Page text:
Seahawks Insider Blog

A closer look at Byron Maxwell

Clemson product Byron Maxwell, a sixth round selection picked 173rd overall by the Seattle Seahawks in this year’s draft, is exactly the type of player teams take a late flyer on – a raw talent with great physical tools.

There’s no denying that Maxwell has the physical ability to play in the NFL. At 6-foot-1 and 207 pounds, he bench pressed 225 pounds 24 times, ran a 4.46 40-yard dash and broad jumped 10 feet, 4 inches, all marks that placed him among the top 10 corners at February’s NFL Scouting Combine.

Maxwell, 21, is a hard hitter and was a valuable special teams player at Clemson, finishing with 45 career special teams tackles.

But what Maxwell will have to prove is that he has fluid enough hip movement and route anticipation to remain a corner for Seattle, where he will receive some intense competition for a spot on the final roster with players who already have some experience in defensive coordinator Gus Bradley’s system like Walter Thurmond, Roy Lewis, Kennard Cox, Marcus Brown and Josh Pinkard.

If he cannot win a spot on the outside, then Maxwell could be looking at a move to strong safety in head coach Pete Carroll’s defensive system, with his safeties oftentimes playing close to line of scrimmage as fill guys in the run game.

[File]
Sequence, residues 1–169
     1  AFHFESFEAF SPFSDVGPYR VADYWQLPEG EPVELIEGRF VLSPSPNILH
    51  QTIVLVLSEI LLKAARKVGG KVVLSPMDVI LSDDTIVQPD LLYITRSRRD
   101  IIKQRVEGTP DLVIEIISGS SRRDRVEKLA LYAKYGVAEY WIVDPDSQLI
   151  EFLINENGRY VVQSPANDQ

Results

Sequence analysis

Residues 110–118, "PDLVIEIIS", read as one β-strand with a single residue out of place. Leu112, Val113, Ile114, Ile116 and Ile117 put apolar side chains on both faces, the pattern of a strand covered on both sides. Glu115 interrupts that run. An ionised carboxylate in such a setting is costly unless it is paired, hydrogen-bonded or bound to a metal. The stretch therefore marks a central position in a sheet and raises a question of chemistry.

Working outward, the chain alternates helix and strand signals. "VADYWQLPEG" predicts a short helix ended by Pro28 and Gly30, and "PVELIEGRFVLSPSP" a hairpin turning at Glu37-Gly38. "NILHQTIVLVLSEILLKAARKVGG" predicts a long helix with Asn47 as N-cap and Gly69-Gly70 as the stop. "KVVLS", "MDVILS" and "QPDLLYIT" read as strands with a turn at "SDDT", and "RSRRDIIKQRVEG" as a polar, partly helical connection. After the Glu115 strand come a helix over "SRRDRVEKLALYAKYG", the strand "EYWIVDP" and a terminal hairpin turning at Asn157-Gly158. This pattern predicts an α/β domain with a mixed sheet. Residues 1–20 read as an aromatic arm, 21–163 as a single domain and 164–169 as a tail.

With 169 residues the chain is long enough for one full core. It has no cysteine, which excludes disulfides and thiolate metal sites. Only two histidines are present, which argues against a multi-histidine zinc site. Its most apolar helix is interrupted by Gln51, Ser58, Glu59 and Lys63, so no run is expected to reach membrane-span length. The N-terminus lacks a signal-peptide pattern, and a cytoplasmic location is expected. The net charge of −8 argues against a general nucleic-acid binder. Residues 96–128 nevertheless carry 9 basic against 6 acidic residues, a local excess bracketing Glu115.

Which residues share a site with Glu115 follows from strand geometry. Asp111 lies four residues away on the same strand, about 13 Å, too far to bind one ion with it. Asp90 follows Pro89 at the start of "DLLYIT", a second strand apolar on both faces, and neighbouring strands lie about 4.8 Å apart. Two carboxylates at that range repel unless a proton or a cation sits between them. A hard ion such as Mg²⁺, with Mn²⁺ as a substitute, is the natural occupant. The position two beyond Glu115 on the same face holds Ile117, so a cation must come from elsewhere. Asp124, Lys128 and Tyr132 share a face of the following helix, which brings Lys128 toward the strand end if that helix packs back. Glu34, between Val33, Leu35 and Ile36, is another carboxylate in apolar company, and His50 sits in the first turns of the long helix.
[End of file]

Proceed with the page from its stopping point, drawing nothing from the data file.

“Byron is a big stud corner that makes hits and tackles and plays very well at the line of scrimmage,” Carroll said about Maxwell shortly after the draft. The Seattle head coach sees the Clemson product as a fit in his system because of his ability to be effective in press coverage and play tough at the line of scrimmage.

Bringing the pain: The first thing that you notice when watching Maxwell in his highlight package is this guy can hit. Appropriately, Maxwell wears No. 36, the same number another big hitter on Seattle wears – Lawyer Milloy.

Maxwell caused six fumbles during his career at Clemson, and finished with 11.5 tackles for loss, a sack, four interceptions and 20 pass breakups. So Seattle liked his ability to make game-changing plays and get the ball loose.

“Just being physical, that’s my best attribute,” said Maxwell when asked what he does well. “I can bring it.”

Learning on the run: One of the negatives for Maxwell is that he only has eight career starts at cornerback during his four-year career at Clemson, so he doesn’t have as much experience as you would like. But he certainly has the upside with his size and athletic ability.

Maxwell considers himself a corner, but would be willing to make the switch to safety if the Seattle coaches decide that’s what is best for the team.

“I just want to play football,” he said. “If that was the case (moving to safety) when I get there, then that would be something I have to deal with.”2011 expectations: With no off-season workouts and ability to connect with coaches during the offseason, Maxwell will have an uphill battle earning a spot on the 53-man roster over more experienced players, and may be destined for the practice squad.

However, his ability to play special teams could help his cause, along with his knack for making big plays.

Check out some highlights of Maxwell in the video below.

Seahawks general manager John Schneider talks about Maxwell in this video link.